Throwing a key change into the Little Mix really grinds our gears
I’M STILL psychologically scarred by Alexandra Burke’s Hallelujah. When she released the song as her X Factor- winning effort in 2008, the producers (probably just obeying orders in the Simon Cowell new world order) changed the key of the song towards the end. Technically this is known as “modulation”, and it has become a Cowell/syco trademark. It’s that moment when the string section swells, the lights are put up to 11 and (optional, this) a choir of orphaned children appear.
They did it again this week when Little Mix (I’ll give them three weeks max) released their atrocious version of Damien Rice’s Cannonball. They also shifted the song up a key towards the end – even though it’s the very last thing Cannonball requires.
This key change is known as the “truck driver’s gear change”. There’s a whole website devoted to this musical abuse and contemporary curse (see gearchange.org), with plenty of horrifying audio examples.
The big argument the site has with the truck driver’s gear change is this: while modulation per se is a vital ingredient of great songwriting, it’s only that temporary type of modulation whereby the song moves away from and then back to its given key centre (Cole Porter and The Beatles excelled at this trick) that has any musical worth.
The X Factor gear change, by contrast, indulges in “final” modulation, which songwriter Jimmy Webb describes as “modulating without returning to the original key – usually for suspect, overly dramatic reasons”. It used to be most beloved of amateur dramatic companies, which never had a problem shifting a song up two or three keys for faux-dramatic effect, but The X Factor has refined the art.
Because it’s more a visual than an auditory experience, The X Factor fetishises the gear change because it’s supposed to signal a “show-stopping” moment. It is typical of the programme’s meretricious value system – a cheap showbiz way to say “we’ve run out of ideas, so let’s just flash the big lights and shift the song up a key”.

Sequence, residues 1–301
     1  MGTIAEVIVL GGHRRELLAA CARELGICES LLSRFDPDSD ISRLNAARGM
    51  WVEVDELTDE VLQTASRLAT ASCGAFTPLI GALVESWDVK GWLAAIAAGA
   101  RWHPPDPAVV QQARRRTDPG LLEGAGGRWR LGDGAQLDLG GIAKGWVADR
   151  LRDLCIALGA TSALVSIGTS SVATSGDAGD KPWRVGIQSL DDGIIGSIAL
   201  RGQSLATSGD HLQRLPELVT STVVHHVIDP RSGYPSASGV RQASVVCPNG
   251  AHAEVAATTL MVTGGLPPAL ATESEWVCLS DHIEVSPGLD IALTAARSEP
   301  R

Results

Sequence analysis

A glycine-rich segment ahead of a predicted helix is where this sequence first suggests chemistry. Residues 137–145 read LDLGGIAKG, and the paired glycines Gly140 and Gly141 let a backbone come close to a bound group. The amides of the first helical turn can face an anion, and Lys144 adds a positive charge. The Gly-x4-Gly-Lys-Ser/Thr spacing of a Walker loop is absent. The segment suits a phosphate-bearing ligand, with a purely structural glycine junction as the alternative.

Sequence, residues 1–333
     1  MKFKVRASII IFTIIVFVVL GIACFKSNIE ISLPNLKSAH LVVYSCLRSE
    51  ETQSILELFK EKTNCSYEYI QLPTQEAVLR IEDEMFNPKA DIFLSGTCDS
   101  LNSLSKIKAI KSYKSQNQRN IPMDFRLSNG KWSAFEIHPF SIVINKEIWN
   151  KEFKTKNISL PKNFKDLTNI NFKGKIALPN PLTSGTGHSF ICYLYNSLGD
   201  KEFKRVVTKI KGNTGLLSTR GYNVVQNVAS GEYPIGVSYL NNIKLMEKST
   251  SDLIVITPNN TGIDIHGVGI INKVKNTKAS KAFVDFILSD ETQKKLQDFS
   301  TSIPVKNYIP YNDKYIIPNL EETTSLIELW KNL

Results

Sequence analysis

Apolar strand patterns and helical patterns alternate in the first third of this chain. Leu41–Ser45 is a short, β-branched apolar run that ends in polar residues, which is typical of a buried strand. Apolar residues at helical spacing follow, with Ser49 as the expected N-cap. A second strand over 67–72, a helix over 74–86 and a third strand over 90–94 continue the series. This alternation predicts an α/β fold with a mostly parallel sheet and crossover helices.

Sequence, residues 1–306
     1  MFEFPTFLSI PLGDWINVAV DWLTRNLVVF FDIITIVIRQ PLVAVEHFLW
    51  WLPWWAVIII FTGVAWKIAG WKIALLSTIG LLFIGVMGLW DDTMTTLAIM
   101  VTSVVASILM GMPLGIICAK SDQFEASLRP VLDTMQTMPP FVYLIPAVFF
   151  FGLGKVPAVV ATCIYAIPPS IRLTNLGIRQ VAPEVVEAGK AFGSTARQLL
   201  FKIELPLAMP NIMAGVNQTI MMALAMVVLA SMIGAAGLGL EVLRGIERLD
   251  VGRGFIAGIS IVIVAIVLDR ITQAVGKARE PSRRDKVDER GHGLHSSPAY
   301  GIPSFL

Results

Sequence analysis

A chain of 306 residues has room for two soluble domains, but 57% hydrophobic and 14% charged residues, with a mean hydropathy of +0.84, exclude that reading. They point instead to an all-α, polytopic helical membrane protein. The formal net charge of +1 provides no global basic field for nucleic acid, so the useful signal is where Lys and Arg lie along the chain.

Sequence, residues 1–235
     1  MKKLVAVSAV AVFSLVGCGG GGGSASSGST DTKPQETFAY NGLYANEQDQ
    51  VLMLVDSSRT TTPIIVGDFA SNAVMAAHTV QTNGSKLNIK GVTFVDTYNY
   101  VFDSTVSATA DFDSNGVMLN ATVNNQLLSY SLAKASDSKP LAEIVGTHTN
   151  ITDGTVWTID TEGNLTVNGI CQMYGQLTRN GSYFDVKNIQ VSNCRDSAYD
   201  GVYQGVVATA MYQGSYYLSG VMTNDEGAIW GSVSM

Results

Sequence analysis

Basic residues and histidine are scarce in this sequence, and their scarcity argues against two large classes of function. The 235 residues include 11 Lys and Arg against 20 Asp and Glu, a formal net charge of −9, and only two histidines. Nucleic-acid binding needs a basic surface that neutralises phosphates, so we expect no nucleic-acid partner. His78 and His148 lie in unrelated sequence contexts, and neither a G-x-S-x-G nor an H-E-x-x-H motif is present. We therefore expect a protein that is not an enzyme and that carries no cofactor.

The gear change is a sugarrush throwaway. You’ll hear it in Billy Joel’s Uptown Girl, Bon Jovi’s Living on a Prayer and almost everything by Barry Manilow, who wouldn’t have a career without it. You’ll also hear it being used by REM ( Stand), The Jam ( Going Underground) and even Led Zeppelin ( All My Love).
Significantly, All My Love is only one of two Led Zep songs on which Jimmy Page doesn’t have a writing credit. He hated the gear change on All My Love. “I was a little worried about the chorus. I could just imagine people doing the wave and all of that, and that’s not us.”
But the most egregious modern example of the gear change has to be Little Mix’s Cannonball. Granted, the members were selected for the group more on how they looked than how they sang, but it seems as if their only mode of vocal expression is in the r’n’b diva vein.
And while their Syco puppeteers will have selected Cannonball for them, one would have thought that an indie-folk ballad was perhaps not the best vehicle for them and whatever talent they may possess. There’s no reason to crowbar a gear change on Cannonball except that it is now a requisite of the X Factor franchise sound. And because X Factor singles sell in such huge quantities (for however limited a period), you now hear about A&R people instructing their pop charges to throw in a gear change or face not having their song released.
Distressingly, when it came to the big chart battle between Leonard Cohen’s Hallelujah, Jeff Buckley’s version and Alexandra Burke’s Tdgc-enhanced cover in 2008, it was the X Factor winner who captured the No 1 slot. Just like in Vegas – the house always wins.
Keep on truckin’: Little Mix